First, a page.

Kids are returning to competitive and recreational sports now that a new school year is underway.

Sports can be a positive experience for young athletes, but they can also put them at risk for injury. Our trauma experts have advice for staying healthy and injury-free.

With the school year underway, many kids are returning not only to car rider line, studying and homework, but to various competitive and recreational sports leagues.

Playing sports can be a healthy, positive experience for young people – but it can also open the door to injuries. The experts at Regional One Health’s Elvis Presley Trauma Center and Firefighters Burn Center have some advice to keep athletes healthy and safe.

“Whether it’s volleyball, football, golf, cheer, etc., being the best in a sport requires practice, practice, and more practice,” noted Geretta Hollins, Community Outreach and Injury Prevention Program Coordinator for Trauma and Burn Services. “Playing sports is physically demanding and can cause injuries at any level. In order to stay safe and injury-free while practicing and playing a sport, follow the advice of our trauma experts.”

First, warm up your muscles to avoid strains, tears and other injuries. “Always stretch before you begin your sport,” Hollins said. “Take a few minutes to go through some simple moves like arm circles and leg bends.”

Strengthening your core – the muscles deep within the abdominals and back – also protects the body during physical activity.  “A strong core is essential in sports and can help you avoid injuries,” Hollins said. “It improves your balance and stability.”

Exercises like abdominal crunches and planks are a great way to build stronger core muscles. Make sure you use proper form and breathe deeply while performing the exercises, and start out with 12 to 15 repetitions at a time.

Wearing proper equipment is important in every sport. The right pads, helmets, shoes, etc. can help prevent both acute and overuse injuries.

Hollins said athletes should also strengthen the leg muscles to improve stability and prevent falls. She suggested working on strength and balance by positioning your heel right in front of your toe (like walking a tightrope) and then standing and sitting from a chair without using your hands.

Athletes should also use the proper technique and equipment for their sport.

Good technique is important because sports involve doing things over and over again. If you are repeatedly serving a tennis ball, swinging a golf club, doing a backstroke, etc., you’re at higher risk of overuse injuries, and the chance of overuse or even acute injury increases if you’re doing the motion incorrectly.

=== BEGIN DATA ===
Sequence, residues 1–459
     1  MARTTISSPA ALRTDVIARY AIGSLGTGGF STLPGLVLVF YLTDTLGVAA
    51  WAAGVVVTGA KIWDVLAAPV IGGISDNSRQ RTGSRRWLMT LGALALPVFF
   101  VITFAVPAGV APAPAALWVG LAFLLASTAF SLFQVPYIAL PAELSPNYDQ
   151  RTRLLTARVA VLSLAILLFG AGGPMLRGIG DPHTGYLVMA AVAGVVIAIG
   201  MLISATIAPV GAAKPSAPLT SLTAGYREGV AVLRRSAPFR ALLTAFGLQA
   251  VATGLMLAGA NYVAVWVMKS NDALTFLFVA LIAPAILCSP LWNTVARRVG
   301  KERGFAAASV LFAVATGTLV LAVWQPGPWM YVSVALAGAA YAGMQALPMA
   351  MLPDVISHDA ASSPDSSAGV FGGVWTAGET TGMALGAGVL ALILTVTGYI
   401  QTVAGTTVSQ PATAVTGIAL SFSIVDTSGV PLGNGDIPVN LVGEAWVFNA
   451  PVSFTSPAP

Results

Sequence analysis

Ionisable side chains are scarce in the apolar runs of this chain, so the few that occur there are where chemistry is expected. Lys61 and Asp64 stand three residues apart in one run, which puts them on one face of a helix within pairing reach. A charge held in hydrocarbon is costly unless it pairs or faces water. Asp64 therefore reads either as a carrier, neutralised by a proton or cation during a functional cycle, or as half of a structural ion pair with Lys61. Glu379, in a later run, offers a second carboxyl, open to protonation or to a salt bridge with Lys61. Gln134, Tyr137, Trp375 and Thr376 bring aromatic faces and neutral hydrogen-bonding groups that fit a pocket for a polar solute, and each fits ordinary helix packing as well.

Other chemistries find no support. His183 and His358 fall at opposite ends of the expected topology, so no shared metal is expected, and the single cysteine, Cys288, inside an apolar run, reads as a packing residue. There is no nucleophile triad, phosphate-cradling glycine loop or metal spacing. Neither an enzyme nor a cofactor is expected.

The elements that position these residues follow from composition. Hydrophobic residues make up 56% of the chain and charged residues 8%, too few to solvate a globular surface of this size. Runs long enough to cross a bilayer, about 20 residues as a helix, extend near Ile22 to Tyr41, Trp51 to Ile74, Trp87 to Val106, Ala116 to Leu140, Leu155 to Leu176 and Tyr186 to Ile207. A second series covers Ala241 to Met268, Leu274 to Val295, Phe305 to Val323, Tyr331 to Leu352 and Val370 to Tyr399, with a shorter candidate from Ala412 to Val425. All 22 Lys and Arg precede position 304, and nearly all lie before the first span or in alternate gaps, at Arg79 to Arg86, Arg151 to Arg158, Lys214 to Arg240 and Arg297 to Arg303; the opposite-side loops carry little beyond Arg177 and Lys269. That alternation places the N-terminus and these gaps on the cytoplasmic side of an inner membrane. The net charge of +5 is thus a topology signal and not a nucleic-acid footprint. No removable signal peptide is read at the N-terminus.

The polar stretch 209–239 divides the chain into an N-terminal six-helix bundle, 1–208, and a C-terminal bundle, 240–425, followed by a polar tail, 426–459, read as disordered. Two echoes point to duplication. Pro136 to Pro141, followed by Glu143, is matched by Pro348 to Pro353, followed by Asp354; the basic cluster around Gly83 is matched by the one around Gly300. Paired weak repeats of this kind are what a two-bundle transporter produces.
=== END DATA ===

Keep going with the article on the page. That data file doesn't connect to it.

Proper equipment is just as important. High-impact sports like football require pads and helmets to avoid concussions and other injuries. Aerial sports like cheer and gymnastics should only be done with mats to reduce fall injuries. Runners should invest in shoes designed to handle the mileage they put on their feet and joints.

Along with considering the specifics of your sport, pay attention to your environment. If practice or competition means you are exerting yourself outside on hot days, remember to stay hydrated and be aware of signs of heat illness like high body temperature, headache, dizziness and nausea.

Stay hydrated while you practice and compete, especially if you’re outside on a hot, humid day.

Finally, there’s the toughest piece of advice for many young athletes to follow: take time to rest.

Schedule regular rest days and take time off if you’re fatigued or in pain. If you do have an injury, don’t rush your return to action until a medical professional says you’re ready – playing or practicing while hurt can cause the injury to get worse or take longer to heal.

“It really is important to give your body a break,” Hollins said. “Incorporate rest breaks into your sport in order to avoid the risk of injuries and muscle fatigue.”

The Elvis Presley Trauma Center is the only Level-1 Trauma Center in a 150-mile radius of Memphis. A multispecialty team of experts is available 24/7 to treat the most critically-injured patients from Tennessee, Mississippi, Arkansas, and parts of Missouri.

Regional One Health’s Firefighters Burn Center is the only full-service burn center in a 400-mile radius of Memphis that is verified by the American Burn Association. It provides comprehensive services including emergency and critical care, intensive care, specialized burn rehabilitation, and laser and plastic surgery.

To learn more about the lifesaving care our team provides, visit and